Wesley Pruden at the Washington Times offers his take on print newspapers.
Fake news is everywhere, cluttering desktops, iPads, laptops, iPhones and all the other manifestations of the post-literate era when it’s just too much trouble to find a reliable read.
Who needs to read when there’s such an abundance of twits clogging up Twitterworld with the trivia, the trifling and the picayune — misinformation, usually the work of innocents, and disinformation, always the work of rogues spreading deliberate lies, exaggerations and confusion.
Farhad Manjoo, a technology correspondent for The New York Times, was tired of it all. Six months ago, he turned off all his digital news notifications, unplugged social networks, said goodbye to the cacophony and other noise of the news feed and took the radical step of subscribing to, of all things, three ink-on-paper newspapers and a weekly magazine.
He wanted to “slow-jam the news” but still wanted to know what was going on in the world. He was determined to find sources that furnished depth and prized accuracy over speed. It was an experiment, relying on print for news and not on “social media.” He learned several interesting things.
What he learned first was that the traditional formula taught to generations of cub reporters — the opening paragraph must answer the five W’s, who, what, why, when and where, and sometimes the how — is no longer in the curriculum. It’s now, he discovered, “more like a never-ending stream of commentary, one that does more to distort your understanding of the world than illuminate it.”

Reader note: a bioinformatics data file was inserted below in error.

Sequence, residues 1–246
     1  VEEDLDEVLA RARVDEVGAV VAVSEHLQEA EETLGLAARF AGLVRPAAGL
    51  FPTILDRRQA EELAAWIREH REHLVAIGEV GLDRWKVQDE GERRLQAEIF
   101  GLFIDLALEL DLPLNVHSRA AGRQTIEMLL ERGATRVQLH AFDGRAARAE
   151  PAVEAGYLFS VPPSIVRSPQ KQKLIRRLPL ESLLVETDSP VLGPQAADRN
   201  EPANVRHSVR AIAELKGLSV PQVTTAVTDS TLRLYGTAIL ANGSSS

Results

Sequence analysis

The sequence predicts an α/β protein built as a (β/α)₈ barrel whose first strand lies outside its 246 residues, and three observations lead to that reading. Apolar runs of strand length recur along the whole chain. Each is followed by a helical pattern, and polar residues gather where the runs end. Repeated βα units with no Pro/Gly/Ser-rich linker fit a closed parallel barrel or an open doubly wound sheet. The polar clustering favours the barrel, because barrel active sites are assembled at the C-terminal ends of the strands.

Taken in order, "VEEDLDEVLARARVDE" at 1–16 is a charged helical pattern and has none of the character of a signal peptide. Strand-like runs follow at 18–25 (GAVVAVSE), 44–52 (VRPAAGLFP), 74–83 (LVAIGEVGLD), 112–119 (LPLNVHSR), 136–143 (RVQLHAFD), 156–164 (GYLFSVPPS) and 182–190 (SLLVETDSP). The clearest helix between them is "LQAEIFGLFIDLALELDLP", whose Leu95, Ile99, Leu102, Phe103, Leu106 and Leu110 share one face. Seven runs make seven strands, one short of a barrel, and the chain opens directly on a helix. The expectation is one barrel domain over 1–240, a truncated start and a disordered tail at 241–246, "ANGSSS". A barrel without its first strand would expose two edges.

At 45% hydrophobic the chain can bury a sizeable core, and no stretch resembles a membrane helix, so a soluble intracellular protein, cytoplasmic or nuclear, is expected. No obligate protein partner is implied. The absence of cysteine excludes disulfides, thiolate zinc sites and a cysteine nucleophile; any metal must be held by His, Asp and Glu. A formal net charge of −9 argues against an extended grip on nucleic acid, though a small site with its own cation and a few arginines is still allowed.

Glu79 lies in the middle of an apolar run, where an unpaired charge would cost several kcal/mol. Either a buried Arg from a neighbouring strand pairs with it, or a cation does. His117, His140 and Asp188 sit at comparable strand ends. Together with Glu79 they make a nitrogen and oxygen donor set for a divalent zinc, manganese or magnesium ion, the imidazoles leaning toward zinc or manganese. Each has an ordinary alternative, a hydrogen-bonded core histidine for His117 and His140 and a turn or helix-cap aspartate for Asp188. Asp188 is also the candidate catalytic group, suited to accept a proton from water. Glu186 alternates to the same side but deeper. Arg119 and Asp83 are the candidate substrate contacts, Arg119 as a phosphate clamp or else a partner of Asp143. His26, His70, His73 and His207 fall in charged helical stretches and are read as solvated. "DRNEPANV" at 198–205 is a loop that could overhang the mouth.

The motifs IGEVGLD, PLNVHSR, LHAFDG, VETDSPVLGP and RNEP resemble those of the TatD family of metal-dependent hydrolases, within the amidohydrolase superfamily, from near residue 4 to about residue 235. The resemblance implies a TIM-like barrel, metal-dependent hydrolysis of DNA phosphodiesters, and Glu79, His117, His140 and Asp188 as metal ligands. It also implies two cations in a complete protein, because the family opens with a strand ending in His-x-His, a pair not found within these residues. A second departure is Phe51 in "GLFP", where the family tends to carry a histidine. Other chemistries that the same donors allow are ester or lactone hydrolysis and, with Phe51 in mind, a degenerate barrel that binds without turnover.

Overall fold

Commentary precedes and overpowers facts. The point of the story is often submerged in the 12th paragraph, sometimes deliberately so, where a reader may never see it because he gave up after the third paragraph. Relying on social media for the news, Mr. Manjoo learned, “is what other people are saying about the news rather than the news [itself] and that makes us susceptible to misinformation.”
Perhaps the most important thing he learned is that it takes time, and experience and willingness, to sort fact from fiction and a lot of “news” on the Internet has never been sorted out. “Smartphones and social networks are giving us facts about the news much faster than we can make sense of them, letting speculation and misinformation fill the gap.” He might have included disinformation, too, because disinformation, the deliberate fuzzing and invention of facts, is worst of all.
The sorting of fiction from facts, he discovered, “was the surprise blessing of the newspaper. I was getting the news a day old, but in the delay between when the news happened and when it showed up on my front door hundreds of professionals had done the hard work for me.”
You can read the rest of the piece via the below link: